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42nd Annual Convention; Downtown Chicago, IL; 2016

Event Details

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Symposium #214
Current Research on Self Control
Monday, May 30, 2016
10:00 AM–10:50 AM
Zurich FG, Swissotel
Area: EAB
Chair: Fernanda Castanho Calixto (Universidade Federal de São Carlos)
Abstract: Impulsive behavior is at the center of attention of educators and clinicians alike. Behavior analysts have a long tradition in the experimental study about the variables which yield impulsive behavior and the alternative and more socially acceptable and otherwise relevant behavior, known as self control. This symposium comprises three papers representing current research on self control and its controlling variables. One paper investigates the effects of equalization and non-equalization of inter trial intervals on self control performance of children. Another paper aims to study the effects of larger and smaller reinforcers chosen via a pre experimental assessment to investigate the effects of mediating responses on self control of small children. A third paper implemented a self-monitoring system as an intervention for inappropriate body movements along with a differential reinforcement of lower rates of responses component. All papers contribute to the understanding of the variables responsible for self control and bring important implications to the development of more effective educational procedures and to conceptual issues regarding the behavioral definition of self control.
Keyword(s): intertrial intervals, mediating responses, self-control, self-monitoring
The Effect of Equalization and Non-Equalization of Inter-Trial Intervals Over Self-Control Performance of Typical Children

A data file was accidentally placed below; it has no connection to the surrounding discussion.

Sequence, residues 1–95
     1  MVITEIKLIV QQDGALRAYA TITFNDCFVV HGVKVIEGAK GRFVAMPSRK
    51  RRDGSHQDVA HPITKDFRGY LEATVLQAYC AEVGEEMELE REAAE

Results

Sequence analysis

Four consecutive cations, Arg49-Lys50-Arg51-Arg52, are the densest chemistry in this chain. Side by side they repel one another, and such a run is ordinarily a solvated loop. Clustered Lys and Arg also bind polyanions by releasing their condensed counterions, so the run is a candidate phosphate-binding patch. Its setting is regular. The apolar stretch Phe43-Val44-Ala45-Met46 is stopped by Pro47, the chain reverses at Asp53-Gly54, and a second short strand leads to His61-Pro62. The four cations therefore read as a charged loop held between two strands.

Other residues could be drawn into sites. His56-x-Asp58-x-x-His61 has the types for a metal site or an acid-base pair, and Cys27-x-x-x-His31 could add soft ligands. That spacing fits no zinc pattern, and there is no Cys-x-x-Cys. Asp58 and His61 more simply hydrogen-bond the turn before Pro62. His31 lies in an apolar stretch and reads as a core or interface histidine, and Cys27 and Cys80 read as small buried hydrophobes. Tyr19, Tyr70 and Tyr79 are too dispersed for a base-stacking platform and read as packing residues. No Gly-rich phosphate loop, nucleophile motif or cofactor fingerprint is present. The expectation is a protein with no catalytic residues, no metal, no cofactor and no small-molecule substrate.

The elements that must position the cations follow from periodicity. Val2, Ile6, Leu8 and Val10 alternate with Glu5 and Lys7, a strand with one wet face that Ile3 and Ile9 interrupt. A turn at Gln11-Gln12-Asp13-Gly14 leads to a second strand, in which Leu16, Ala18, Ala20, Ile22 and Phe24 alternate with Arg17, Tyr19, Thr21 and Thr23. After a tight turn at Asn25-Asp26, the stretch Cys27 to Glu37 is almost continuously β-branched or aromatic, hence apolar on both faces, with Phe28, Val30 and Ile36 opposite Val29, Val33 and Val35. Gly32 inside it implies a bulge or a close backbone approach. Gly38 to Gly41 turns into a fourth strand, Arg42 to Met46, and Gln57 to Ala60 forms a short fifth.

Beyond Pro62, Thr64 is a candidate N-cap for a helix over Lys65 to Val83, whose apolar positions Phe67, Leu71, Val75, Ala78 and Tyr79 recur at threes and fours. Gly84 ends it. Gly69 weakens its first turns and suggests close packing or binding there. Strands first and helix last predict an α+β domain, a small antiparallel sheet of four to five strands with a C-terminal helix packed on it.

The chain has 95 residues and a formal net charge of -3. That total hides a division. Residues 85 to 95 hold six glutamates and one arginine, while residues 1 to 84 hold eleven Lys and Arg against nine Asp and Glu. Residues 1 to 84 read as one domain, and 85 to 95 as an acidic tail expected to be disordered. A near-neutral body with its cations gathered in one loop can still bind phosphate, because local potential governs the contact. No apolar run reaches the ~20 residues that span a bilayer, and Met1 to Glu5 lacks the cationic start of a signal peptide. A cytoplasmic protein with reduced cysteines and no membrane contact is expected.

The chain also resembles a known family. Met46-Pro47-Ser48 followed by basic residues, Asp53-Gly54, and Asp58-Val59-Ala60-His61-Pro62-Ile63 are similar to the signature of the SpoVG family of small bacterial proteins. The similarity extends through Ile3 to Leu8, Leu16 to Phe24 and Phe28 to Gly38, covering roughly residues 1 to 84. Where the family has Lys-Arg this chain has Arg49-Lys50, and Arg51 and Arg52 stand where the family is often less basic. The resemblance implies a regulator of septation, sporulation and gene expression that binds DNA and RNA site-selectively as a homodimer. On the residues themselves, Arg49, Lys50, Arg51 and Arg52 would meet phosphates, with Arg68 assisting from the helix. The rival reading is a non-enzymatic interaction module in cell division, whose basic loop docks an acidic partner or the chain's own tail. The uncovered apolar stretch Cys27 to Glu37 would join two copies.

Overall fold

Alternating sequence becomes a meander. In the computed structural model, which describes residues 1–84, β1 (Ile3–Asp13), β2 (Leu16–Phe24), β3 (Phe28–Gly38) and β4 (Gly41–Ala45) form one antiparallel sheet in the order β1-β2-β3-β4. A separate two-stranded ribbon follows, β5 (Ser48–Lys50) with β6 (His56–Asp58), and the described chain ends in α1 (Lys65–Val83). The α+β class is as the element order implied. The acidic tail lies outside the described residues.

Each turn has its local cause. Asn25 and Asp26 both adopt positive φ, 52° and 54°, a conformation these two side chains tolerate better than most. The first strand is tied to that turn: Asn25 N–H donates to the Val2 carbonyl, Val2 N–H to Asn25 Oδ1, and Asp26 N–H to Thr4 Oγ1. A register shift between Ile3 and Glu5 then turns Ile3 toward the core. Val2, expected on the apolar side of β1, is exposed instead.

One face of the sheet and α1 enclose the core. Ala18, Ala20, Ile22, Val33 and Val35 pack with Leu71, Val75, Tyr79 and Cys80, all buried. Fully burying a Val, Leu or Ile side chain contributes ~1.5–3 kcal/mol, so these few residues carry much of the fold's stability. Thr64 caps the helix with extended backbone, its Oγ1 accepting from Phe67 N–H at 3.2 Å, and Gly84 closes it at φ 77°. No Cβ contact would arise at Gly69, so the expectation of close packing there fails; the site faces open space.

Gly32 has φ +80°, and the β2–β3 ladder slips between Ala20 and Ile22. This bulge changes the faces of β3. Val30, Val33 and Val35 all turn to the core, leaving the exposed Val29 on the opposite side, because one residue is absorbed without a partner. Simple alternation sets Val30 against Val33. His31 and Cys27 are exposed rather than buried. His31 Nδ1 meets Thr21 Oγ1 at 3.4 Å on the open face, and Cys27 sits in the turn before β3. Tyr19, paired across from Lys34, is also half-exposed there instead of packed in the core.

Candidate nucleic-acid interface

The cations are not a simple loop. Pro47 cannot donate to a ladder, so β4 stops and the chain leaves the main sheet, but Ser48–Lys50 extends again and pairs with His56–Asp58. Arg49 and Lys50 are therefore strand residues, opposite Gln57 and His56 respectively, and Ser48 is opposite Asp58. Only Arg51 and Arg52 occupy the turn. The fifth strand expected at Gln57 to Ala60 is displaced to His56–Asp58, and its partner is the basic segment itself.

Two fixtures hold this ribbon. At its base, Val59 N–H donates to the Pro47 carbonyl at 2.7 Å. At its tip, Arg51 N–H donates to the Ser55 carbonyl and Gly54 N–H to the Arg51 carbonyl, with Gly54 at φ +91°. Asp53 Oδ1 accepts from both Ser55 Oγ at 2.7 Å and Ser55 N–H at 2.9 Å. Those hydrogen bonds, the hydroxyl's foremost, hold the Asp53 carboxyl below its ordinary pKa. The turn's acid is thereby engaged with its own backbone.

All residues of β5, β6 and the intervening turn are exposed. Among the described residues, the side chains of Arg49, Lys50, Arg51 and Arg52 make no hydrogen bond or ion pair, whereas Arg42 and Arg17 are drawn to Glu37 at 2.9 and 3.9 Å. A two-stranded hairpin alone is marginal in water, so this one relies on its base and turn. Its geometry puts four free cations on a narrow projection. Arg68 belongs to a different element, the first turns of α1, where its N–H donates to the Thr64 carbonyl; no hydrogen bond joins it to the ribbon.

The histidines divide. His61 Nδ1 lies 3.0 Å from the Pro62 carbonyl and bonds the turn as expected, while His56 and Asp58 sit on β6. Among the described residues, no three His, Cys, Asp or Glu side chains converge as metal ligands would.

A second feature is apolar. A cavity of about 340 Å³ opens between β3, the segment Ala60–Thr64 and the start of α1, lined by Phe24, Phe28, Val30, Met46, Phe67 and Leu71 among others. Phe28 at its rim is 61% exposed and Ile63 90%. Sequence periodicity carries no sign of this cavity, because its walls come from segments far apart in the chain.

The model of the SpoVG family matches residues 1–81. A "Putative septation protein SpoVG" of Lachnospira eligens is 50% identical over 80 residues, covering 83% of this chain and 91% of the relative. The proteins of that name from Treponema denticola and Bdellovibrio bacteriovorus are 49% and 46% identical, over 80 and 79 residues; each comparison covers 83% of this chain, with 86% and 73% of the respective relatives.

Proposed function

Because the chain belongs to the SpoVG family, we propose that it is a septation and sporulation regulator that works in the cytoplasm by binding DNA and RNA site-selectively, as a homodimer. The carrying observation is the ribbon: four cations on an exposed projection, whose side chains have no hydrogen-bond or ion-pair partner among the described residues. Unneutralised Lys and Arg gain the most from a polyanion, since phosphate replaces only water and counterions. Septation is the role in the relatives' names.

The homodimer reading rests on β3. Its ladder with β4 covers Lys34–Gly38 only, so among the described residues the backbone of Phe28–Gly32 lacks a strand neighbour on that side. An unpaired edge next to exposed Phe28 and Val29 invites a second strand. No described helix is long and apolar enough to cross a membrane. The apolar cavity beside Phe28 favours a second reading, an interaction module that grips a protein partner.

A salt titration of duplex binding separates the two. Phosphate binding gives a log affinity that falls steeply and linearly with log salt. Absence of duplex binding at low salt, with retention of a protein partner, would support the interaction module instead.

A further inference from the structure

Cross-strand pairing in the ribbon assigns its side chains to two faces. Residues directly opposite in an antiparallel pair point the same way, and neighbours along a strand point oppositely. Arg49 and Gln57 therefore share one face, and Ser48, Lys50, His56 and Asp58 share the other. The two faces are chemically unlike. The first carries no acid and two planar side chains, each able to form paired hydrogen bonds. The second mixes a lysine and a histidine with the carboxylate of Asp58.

FERNANDA CALIXTO (Universidade Federal de São Carlos), Júlia Varoto (LAHMIEI, Psychology Department, UFSCar), Celso Goyos (Universidade Federal de Sao Carlos)
Abstract: Under the paradigm of concurrent choices, self-control is understood as the choice of delayed and larger consequences in detriment of choices of immediate and smaller consequences. Previous research indicates that the duration of inter-trial intervals affect the choice behavior of delayed consequences, among other variables. A common procedure to increase experimental control over what determines choice consists of equalizing trial duration. The present study aims to investigate, in a single subject design, the effect of equalization and non-equalization of inter-trial intervals over self-control in four pre-scholar children with normal development, aged between 3 and 4 years. The study is structured in five phases: Simple Discrimination Training (SDT), Reinforcement Amount Training (RAT), Delay Reinforcement Training (DRT) and Interval Between Trials Equated with reversal of equalization (NE-EI). Results show that participants chose larger reinforcements in 100% of trials during RAT Phase. During DRT Phase, choices on delayed consequences stabilized on 33% along three sessions and the participant obtained 10 reinforcers per session (4 minutes each session). During NEI Phase, choices on delayed consequences stabilized on 50% and the participant obtained 12 reinforcers per session (5 minutes each session). Results suggest that on NEI phase occurred maximization of number of reinforcers per session time. Keywords: self-control, inter-trial intervals, delayed consequences.